We continue the amazing accounts of grace given to those condemned to death in the 1700’s.
John Wesley recorded these testimonies of men facing execution, in his own journals, giving them a wider audience than they might have otherwise had.
They had been faithfully visited by Sarah Peters. She shared the gospel with them and many were genuinely converted.
‘The next who was spoken to was Thomas Atkins, nineteen years of age.
‘When he was asked (after many other questions, in answering which he expressed the clearest and deepest conviction of all his sins, as well as that for which he was condemned) if he was afraid to die; he fixed his eyes upward, and said, in the most earnest and solemn manner, ‘I bless God, I am not afraid to die; for I have laid my soul at the feet of Jesus.’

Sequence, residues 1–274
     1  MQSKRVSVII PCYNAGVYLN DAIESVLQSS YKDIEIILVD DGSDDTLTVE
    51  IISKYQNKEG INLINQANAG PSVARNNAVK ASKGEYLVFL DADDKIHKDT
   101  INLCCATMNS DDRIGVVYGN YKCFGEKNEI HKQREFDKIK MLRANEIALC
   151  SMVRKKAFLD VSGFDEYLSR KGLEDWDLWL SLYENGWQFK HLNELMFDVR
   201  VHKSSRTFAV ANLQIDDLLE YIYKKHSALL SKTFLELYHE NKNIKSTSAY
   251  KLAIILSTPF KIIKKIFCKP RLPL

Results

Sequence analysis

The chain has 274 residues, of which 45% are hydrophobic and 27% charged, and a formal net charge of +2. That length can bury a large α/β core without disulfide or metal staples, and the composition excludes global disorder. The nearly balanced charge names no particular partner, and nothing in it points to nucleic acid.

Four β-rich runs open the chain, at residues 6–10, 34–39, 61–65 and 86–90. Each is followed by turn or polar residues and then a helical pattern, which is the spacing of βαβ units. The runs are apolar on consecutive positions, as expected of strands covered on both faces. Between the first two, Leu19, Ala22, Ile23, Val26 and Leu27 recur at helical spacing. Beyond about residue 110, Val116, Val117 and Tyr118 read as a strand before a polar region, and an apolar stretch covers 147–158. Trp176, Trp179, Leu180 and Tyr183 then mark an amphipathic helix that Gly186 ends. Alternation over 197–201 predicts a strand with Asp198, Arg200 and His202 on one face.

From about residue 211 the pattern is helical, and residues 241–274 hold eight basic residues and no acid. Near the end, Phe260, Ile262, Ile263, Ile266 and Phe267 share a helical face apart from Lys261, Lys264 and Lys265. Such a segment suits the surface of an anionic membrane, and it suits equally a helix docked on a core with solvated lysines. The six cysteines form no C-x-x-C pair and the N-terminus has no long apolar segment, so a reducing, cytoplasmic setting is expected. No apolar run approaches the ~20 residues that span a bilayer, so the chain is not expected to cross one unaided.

And to the last moment of his life, he gave all reason to believe that these were not vain words.’
‘William Gardiner, from the time that he was condemned, was very ill… [Sarah Peters] visited him in his own cell, till he was able to [move about].
He was a man of exceeding few words, but of a broken and contrite spirit.
Some time after, he expressed great readiness to die, yet with the utmost diffidence of himself.
One of his expressions, to a person accompanying him to the place of execution was:
“O Sir! I have nothing to trust to but the blood of Christ! If that won’t do, I am undone forever!”‘
More next time…
(From John Wesley’s Journal, Vol 2, p.121-122, Baker Edition)
© 2010 Lex Loizides